I discovered about lith printing with the fascinating portraits done by Anton Corbijn. His book “Star Trak” struck me by the look of the pictures. Of course a good portrait is much more than the technique, so don’t get me wrong here - I loved the portraits and I loved the look of them, hence I wanted to learn how to get that look. After some frustrating attempts with (what I didn’t know back then) the wrong papers I attended a workshop by Wolfgang Moersch and was hooked. Wonderful workshop and teacher. In my view lith printing was a much more exciting workflow of getting the print in the darkroom. And that look: the tones, the blacks, areas of peppercorn grain side by side with sharp and grainless parts.
The picture above is not one of my best, but it demonstrates nicely how different the parts in a picture may be rendered: deep blacks, yellowish to peachy areas with different grain structures, the bright parts having less color and less grain. The nice part is when the blacks start crawling from a dark area to other areas, when black grain seems to swarm out, slightly chaotic, starting slowly and then accelerating, as if the blacks were an organism taking over part of the picture.
If you want to know more about the chemical process behind that so-called infectious development, please consult the experts: Wolfgang Moersch has some great articles about lith printing for free on his web page. And definitely try to get the books of Tim Rudman. Here I want to talk about the specialty of that technique from a printer’s perspective. And I hope that we’ll host some more blog posts about this topic in the next weeks or months.
I like that the exposure of the paper is just the foreplay. The paper gets highly overexposed, contrast control during exposure is not that important: contrast can be controlled in the trays (of course, your technique may vary here): The real magic happens standing at the trays and making the print, which takes about 6-14 minutes - it is an adventure in itself. You have to stay focused and you have to find the decisive moment where the print reaches its climax. As soon as you see the first blacks kicking in, you have to watch carefully how they emerge and take over the image. You have to find the right balance of the bright parts slowly emerging from the white paper and the black parts taking more and more share of the picture.
The developer keeps accelerating (in terms of contrast) for quite some time till it gets exhausted. So if you plan to do a series of similar prints, replenishment is key. But even with that, it’s nearly impossible to get two identical prints.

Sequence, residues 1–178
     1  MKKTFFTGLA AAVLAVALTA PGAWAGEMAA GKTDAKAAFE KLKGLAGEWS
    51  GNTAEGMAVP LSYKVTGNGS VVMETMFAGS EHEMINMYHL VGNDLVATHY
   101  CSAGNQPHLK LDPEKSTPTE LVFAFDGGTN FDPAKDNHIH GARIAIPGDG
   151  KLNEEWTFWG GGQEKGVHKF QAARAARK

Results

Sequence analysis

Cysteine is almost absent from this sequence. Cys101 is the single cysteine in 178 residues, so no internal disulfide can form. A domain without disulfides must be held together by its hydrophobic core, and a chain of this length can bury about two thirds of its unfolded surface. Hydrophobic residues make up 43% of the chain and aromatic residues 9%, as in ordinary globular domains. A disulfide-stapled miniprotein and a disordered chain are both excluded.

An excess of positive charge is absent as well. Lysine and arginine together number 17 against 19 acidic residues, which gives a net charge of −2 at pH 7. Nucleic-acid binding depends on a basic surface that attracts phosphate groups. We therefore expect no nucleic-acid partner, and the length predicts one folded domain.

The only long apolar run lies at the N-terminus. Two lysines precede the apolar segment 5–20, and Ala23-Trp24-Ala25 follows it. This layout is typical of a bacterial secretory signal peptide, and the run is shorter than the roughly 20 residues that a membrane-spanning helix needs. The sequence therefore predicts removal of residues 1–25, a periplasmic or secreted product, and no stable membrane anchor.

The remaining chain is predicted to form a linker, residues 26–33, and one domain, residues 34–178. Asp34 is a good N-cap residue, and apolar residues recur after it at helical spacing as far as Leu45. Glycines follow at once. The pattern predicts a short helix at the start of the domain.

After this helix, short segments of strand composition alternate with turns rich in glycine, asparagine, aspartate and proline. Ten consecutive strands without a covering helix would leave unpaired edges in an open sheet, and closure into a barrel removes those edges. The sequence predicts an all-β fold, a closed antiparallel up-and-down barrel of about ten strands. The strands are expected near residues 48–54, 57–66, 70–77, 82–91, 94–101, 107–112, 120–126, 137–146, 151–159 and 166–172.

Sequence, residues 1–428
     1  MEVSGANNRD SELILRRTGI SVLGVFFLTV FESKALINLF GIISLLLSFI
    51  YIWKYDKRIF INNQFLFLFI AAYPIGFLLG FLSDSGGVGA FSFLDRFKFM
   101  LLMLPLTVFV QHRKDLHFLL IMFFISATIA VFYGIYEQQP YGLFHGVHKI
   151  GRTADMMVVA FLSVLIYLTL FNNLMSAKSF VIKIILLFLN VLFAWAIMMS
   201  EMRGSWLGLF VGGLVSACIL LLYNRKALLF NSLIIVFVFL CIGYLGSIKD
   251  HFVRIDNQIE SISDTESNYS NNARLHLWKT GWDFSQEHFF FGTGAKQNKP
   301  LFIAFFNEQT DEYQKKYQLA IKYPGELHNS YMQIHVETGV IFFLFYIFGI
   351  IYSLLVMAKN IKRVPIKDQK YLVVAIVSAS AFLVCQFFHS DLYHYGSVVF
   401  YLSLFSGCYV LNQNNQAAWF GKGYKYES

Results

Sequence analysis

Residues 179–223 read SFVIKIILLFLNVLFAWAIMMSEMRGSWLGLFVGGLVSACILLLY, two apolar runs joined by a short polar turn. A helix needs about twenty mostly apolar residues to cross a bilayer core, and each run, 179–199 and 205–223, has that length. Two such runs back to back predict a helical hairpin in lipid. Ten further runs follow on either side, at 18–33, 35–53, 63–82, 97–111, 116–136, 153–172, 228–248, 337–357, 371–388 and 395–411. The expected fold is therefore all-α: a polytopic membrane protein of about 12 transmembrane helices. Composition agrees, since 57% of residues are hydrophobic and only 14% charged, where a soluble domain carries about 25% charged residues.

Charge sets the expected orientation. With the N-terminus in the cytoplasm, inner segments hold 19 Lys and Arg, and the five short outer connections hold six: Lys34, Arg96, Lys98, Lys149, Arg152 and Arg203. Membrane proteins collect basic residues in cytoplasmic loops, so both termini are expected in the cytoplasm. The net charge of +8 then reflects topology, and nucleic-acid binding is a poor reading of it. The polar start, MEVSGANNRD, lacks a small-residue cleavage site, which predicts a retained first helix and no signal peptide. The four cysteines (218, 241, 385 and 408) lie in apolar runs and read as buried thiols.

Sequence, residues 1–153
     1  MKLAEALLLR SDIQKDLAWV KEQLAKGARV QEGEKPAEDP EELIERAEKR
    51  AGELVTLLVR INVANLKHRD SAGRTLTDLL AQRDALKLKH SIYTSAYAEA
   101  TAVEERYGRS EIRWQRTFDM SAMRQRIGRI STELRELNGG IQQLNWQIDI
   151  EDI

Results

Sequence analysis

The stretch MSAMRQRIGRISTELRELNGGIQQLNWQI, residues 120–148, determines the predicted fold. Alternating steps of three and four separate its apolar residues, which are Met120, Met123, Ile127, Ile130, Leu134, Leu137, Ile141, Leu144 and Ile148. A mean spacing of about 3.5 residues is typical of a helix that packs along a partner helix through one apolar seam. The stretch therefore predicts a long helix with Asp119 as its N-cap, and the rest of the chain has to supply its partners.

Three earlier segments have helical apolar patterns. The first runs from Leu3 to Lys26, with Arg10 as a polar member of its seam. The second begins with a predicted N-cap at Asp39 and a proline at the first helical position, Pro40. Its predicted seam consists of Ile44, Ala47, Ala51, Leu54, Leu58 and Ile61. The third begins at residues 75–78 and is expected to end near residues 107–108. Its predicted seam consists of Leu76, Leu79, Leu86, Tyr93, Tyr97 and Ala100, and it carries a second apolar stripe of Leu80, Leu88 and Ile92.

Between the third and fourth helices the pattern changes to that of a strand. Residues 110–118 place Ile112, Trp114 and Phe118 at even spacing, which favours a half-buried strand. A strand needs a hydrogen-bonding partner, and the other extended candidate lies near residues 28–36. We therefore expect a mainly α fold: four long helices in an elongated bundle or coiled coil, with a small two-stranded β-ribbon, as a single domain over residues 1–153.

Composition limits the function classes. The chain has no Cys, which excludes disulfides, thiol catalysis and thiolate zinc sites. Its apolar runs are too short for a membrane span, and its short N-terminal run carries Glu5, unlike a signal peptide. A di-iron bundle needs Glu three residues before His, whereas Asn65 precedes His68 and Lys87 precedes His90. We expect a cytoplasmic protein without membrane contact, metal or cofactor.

If you don’t replenish and just work with the changing behavior of the developer, each sheet of paper brings new excitement, shows new behavior of the blacks. And if you are in a community darkroom printing with 2 other lith guys, you watch them handling that behavior and you see their outcomes, you see and learn what’s possible at that moment. Then, when you see the developer being at the right point, you enter the friendly competition and try to get the best rendering of the idea of the print you had in your head.
It doesn’t work each time, it can be frustrating as well. Perhaps you need several attempts with different dilutions, different strength of the developer or different papers. But when you see your master print emerge, when you feel that this might be the one and when you’re watching for a long final minute how the blacks keep accelerating, the strong excitement more than pays for all the effort.
Sounds like randomness to create artsy looking pictures of boring things?
You might see it that way, but I’ve got another view. I do enter the darkroom with a clear concept of the best print in mind. From that on I welcome improvisation - the concept serves as an important starting point to find the best possible rendering in a creative process, the creative process of that lith printing session dealing with the concept. Lith printing frees up the printing process for me. And I still dig that look. That lith look and the printing process to get there keep fascinating me.
If you’ve never done it, give it a try. For examples, go search on Instagram for #lithprint or have a look at the work of masters like Wolfgang Moersch, Tim Rudman or Guillaume Zuili - or, of course, Anton Corbijn.